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Chart of the Day: More evidence of a slowing economy: Bankruptcies continue to rise

Chart of the Day: More evidence of a slowing economy: Bankruptcies continue to rise

President Joe Biden said in an interview that aired Sunday that he recognizes why Americans don’t have much confidence in the state of the economy. “It’s understandable why people are down,” he told David Muir on ABC’s “This Week.” Watch that interview in the video below.

Biden said that while the United States is “better off than virtually any other major nation in the world, economically,” he could appreciate the malaise Americans are experiencing. Recent polls have consistently shown that, despite very low unemployment, most Americans feel they are worse off than when Biden’s term began.

He added: “Inflation is still higher than it should be and, you know, everything from gas prices to a war going on in Ukraine. I mean, so I can’t think of a time when there has been greater uncertainty.

Under Biden’s economy, it’s not just a feeling of “uncertainty.” There is a wealth of economic data showing that the economy is trending downward. One data point is: failures. We’ve reported on bankruptcies before, but there’s even more data on bankruptcies that continue to grow, both in the US and the EU.

The end of the federal pandemic The bailout is putting many Americans and businesses under increasing financial pressure, leading to an increase in bankruptcies. Total bankruptcy filings in January soared 19% in January to 31,087, up 19% from a year ago, according to data from Epiq, a legal research firm. The number of Americans who applied Chapter 7, 11, and 13 bankruptcy skyrocketed by 20% in January 2023 since a year ago. See it in the table below and learn more here.

What is happening in the EU? 4Q 2022 saw the request from European companies EU bankruptcies have grown at the fastest pace in at least eight years. The number of bankruptcy filings increased in all four quarters of 2022. Finally, as reported by The FT, the largest increase in EU insolvencies in the fourth quarter occurred in the transport and storage and accommodation and services sectors of food (72% and 39% more). , respectively, from the previous quarter). See it in the chart below and learn more here.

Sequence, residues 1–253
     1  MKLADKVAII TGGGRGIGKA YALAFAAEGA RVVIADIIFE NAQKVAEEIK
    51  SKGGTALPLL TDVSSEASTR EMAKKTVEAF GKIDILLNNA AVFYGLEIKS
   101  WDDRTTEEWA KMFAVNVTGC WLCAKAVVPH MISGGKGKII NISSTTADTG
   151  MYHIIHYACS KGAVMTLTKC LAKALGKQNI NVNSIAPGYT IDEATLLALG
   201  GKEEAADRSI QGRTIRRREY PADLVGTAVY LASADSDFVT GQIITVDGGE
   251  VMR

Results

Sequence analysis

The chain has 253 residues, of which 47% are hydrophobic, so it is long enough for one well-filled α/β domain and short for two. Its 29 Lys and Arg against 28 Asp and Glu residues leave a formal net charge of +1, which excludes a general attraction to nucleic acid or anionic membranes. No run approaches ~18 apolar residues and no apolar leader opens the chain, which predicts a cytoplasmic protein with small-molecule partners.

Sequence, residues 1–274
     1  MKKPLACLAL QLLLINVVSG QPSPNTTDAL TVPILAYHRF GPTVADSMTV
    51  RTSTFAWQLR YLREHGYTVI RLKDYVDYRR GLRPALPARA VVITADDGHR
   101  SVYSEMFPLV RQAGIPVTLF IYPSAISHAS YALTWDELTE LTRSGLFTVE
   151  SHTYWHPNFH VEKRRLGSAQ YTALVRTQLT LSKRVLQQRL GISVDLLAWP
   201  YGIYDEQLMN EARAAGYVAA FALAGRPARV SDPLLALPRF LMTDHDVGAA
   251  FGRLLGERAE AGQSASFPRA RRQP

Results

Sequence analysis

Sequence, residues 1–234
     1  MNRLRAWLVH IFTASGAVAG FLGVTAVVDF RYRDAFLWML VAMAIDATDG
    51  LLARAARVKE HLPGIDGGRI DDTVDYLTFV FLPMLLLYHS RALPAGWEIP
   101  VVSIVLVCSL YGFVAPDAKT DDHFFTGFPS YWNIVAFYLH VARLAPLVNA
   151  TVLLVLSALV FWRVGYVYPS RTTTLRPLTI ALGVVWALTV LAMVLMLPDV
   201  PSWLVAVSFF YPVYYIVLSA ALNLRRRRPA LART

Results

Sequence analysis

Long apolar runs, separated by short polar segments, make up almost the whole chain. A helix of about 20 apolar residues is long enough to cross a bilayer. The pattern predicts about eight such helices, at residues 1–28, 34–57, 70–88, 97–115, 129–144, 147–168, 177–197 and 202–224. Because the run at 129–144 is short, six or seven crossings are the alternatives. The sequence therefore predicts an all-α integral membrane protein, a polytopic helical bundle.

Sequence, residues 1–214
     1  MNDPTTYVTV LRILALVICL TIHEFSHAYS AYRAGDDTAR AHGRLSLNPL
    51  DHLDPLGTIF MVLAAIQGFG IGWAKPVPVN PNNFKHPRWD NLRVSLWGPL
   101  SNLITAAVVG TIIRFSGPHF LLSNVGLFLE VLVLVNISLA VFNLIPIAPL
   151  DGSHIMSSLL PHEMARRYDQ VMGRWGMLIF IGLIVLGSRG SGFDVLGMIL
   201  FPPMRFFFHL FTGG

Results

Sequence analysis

EU bankruptcies 2023

James Watson, chief economist at EU employers’ federation BusinessEurope, said:

“Clearly there is a factor where governments are withdrawing support brought in during the pandemic, and that is having an impact.”

But he added:

“There is also something else as it is becoming an increasingly difficult business environment for many companies due to high inflation, weak growth and rising interest rates.”

What about the latest data in terms of the future outlook for the economy? Let’s take a look at the recent US durable goods orders report which fell the most since the covid lockdown. After a surprisingly large increase to the upside (+5.6% month-on-month) in December, analysts expected January durable goods orders fall (-4.0% month-on-month).

It’s strange that the recent data is a correction of last month’s data – government data has recently become dodgy. Real printing was worse with a 4.5% month-on-month drop, the biggest drop since April 2020. See the chart below and learn more here.

US Durable Orders 2023-01As Biden ponders his next Ukraine war actions, the economy continues to falter. No doubt, increasingly, it will be a good excuse for his administration to cover up its economic shortcomings. Let us know your thoughts in the comments section below on whether we will see a recovery in 2023 or a continuation of the downward economic trend.

See more posts about the chart of the day.

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Syndication source for the original RWR article.

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